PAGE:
I’ve been making a different soup each week over the past few weeks. Today it was split pea, one of my faves. Split pea soup is super-easy to make and it is delicious. Today I did it with just a slight twist.
When I was growing up, my mom would make split pea after we had a ham dinner. This is because she used the ham bone to add depth to the broth. I didn’t have a ham bone today, but when I stopped by Starsky’s this morning, I saw they had smoked pork ribs. I figured they would add the same kind of smokey goodness to the broth that mom’s ham bone did so I bought some. Some people will tell you that you don’t need any bones or meat to make a great split pea soup. Maybe that’s true, I don’t know. I do know that you need them if you want to create a soup that will evoke my childhood memories and all that entails.
Here’s how I made my split pea soup:
I chopped up an onion and sauteed it gently in my soup pot. While it sweated, I added salt, pepper and dry thyme leaves. I had some celery in the fridge. It was starting to lose its crispness but was still fine for soup, so I chopped it all up and added it to the onions. There is no need to chop things super-fine for this soup by the way. Coarsely chopped onions and celery are just fine. If you wanted to chop in a carrot or perhaps a red or green pepper, that would be fine too. Use what you have available.
I diced up a couple cloves of garlic and tossed them in as well. The thing with the garlic is you don’t want it to brown and burn and get all harsh on you, so I add mine once I judge the onions and celery are sauteed enough. For this soup I don’t caramelize the onions. I just gently cook them for 5 minutes or so with the celery then another minute with the garlic.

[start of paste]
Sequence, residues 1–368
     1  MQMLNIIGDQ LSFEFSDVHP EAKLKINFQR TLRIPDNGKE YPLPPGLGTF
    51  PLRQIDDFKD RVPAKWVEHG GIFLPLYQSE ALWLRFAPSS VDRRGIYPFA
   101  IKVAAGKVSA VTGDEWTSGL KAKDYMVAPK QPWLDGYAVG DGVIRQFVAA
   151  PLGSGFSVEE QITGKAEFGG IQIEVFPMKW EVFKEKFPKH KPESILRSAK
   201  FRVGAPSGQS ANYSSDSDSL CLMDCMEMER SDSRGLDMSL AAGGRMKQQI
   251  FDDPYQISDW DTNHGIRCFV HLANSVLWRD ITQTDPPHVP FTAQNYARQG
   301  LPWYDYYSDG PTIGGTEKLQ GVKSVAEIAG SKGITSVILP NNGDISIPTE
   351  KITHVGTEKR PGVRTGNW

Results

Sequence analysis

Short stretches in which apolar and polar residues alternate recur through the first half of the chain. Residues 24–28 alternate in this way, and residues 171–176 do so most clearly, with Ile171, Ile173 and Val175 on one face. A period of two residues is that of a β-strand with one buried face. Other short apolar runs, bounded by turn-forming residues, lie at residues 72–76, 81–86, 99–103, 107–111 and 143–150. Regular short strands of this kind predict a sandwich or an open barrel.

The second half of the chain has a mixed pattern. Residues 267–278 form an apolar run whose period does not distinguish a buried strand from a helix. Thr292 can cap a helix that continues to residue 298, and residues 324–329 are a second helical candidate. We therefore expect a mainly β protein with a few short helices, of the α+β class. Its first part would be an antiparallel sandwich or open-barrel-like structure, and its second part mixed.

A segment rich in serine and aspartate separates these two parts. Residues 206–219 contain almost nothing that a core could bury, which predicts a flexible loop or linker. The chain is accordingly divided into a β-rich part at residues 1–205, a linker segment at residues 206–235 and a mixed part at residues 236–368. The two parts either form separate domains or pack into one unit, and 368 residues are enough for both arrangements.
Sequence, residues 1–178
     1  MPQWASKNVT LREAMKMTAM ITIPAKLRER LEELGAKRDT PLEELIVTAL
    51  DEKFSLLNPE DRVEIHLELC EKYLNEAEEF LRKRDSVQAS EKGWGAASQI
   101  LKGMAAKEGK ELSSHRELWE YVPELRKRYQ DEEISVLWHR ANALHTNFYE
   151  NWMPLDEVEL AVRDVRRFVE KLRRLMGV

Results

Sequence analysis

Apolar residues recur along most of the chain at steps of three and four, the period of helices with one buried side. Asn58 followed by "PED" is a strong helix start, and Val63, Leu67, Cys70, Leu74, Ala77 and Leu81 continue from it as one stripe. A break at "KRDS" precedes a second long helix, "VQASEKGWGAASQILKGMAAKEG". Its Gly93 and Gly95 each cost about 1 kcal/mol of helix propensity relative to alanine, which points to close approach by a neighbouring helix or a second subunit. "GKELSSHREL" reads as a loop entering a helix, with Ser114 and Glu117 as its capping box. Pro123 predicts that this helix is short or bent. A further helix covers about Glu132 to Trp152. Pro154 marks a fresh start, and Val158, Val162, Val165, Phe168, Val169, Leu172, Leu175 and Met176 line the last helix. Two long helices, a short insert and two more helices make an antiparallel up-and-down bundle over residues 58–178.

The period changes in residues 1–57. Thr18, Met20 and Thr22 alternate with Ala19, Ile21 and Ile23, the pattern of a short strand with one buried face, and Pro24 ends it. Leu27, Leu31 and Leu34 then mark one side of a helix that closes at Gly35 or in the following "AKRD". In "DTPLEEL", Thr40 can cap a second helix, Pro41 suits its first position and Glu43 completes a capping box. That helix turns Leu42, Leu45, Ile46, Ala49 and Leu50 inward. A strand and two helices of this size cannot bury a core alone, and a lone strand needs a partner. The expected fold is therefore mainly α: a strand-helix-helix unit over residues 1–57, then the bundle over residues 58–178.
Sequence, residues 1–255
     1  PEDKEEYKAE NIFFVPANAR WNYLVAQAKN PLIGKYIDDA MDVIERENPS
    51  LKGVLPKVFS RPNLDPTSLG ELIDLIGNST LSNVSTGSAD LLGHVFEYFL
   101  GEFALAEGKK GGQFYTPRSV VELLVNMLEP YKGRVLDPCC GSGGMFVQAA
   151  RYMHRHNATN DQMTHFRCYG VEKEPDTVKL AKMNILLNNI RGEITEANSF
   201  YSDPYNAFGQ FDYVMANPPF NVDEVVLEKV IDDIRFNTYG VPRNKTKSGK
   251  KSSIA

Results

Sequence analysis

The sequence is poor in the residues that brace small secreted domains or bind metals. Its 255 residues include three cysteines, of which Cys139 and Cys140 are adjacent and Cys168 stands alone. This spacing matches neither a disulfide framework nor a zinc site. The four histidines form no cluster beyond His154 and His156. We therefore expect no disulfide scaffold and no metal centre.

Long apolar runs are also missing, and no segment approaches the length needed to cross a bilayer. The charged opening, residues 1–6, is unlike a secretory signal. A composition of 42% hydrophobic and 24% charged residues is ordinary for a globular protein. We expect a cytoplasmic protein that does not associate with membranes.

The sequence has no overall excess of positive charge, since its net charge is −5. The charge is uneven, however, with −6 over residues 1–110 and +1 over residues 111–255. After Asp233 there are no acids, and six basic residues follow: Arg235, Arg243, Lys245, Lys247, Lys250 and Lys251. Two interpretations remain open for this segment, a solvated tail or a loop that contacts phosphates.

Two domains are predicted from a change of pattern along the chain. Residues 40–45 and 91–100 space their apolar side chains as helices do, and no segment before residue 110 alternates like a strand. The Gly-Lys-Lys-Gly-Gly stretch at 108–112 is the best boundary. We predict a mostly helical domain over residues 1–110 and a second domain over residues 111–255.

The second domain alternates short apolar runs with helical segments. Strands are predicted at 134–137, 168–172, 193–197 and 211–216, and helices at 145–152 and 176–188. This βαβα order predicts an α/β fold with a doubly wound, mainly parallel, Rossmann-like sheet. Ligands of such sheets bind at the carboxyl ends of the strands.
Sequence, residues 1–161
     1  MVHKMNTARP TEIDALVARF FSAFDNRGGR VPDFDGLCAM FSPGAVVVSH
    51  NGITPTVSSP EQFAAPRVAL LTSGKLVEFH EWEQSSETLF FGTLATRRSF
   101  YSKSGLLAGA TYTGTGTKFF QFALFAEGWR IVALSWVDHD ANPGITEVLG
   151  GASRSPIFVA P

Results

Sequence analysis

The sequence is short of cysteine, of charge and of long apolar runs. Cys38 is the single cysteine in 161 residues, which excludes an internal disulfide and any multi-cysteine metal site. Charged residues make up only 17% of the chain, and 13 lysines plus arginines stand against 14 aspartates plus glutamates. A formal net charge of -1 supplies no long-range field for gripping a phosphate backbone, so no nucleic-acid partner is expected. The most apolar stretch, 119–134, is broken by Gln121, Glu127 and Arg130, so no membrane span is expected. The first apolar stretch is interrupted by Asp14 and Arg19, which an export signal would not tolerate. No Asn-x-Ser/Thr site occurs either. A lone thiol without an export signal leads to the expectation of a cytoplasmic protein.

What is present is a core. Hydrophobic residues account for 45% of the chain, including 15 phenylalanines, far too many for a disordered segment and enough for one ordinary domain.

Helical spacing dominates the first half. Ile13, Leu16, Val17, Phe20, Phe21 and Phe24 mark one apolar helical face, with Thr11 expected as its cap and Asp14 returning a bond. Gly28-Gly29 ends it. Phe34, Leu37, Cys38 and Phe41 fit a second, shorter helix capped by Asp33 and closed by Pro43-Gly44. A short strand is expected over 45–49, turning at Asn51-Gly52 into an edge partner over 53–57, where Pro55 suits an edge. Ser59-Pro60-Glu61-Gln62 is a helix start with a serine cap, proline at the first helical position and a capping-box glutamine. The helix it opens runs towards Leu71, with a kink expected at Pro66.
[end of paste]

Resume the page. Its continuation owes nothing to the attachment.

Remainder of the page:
At that point I added some stock and some water for additional liquid. Then I rinsed about 3 cups of dried split peas and tossed them in. I can’t tell you a ratio of liquid to split peas, only that for a pot of soup in my soup pot, 3 cups is about right. This is about half a bag. I cut my strip of smoked ribs into a few pieces and added them in. All you really need is a piece, but I got a little carried away.
Once I got this concoction simmering slowly with a lid on, I let it be and went to play the banjo for a while. While it isn’t necessary to play banjo to make a good split pea soup, I recommend it. At some point, be sure to taste your soup to make sure the seasoning is right. By the way, don’t let anyone tell you split pea soup needs to be pureed or even partly pureed. In my world, the finished texture is just right without messing with it. I let my soup simmer for about 2 and a half hours and served it with some fresh ground pepper and plenty of crusty French bread.
It doesn’t get much better.